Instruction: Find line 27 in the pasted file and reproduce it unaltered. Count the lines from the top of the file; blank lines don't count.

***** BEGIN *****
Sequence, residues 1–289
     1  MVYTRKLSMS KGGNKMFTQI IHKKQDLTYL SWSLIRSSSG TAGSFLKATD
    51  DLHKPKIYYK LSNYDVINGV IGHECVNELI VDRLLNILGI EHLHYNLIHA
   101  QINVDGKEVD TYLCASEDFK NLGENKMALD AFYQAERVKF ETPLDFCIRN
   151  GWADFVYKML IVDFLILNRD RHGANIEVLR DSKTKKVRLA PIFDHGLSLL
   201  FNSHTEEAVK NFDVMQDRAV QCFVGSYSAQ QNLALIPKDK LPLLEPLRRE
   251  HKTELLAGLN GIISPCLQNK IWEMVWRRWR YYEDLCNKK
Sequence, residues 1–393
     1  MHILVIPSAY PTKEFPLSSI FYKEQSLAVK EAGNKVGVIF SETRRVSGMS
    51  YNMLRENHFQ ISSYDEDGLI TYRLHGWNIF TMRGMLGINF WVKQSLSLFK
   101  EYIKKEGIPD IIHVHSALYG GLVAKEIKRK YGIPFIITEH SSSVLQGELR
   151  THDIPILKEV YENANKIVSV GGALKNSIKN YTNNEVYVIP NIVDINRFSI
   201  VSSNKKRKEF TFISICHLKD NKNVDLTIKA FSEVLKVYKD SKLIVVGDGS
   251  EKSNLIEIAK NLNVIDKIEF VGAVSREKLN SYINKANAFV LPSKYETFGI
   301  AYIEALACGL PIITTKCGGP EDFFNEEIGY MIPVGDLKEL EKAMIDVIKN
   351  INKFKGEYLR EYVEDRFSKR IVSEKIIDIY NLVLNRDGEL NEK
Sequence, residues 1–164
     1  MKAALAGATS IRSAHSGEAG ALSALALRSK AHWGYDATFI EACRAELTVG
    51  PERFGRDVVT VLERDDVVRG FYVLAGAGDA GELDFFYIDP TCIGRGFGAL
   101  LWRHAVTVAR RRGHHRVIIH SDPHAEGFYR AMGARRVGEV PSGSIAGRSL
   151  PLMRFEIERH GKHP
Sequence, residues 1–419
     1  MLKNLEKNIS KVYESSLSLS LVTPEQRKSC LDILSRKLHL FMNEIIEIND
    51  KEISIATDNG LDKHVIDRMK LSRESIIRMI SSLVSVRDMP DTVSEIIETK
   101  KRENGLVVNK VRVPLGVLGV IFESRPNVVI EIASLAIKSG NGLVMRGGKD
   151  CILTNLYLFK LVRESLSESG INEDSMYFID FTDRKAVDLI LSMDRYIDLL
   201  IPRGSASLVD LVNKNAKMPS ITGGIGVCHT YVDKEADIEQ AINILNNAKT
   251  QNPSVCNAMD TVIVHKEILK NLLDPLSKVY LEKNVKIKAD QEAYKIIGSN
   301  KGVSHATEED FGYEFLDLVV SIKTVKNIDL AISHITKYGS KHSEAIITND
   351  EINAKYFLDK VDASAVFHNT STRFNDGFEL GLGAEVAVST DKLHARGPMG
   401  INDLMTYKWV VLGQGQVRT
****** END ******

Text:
   201  IPRGSASLVD LVNKNAKMPS ITGGIGVCHT YVDKEADIEQ AINILNNAKT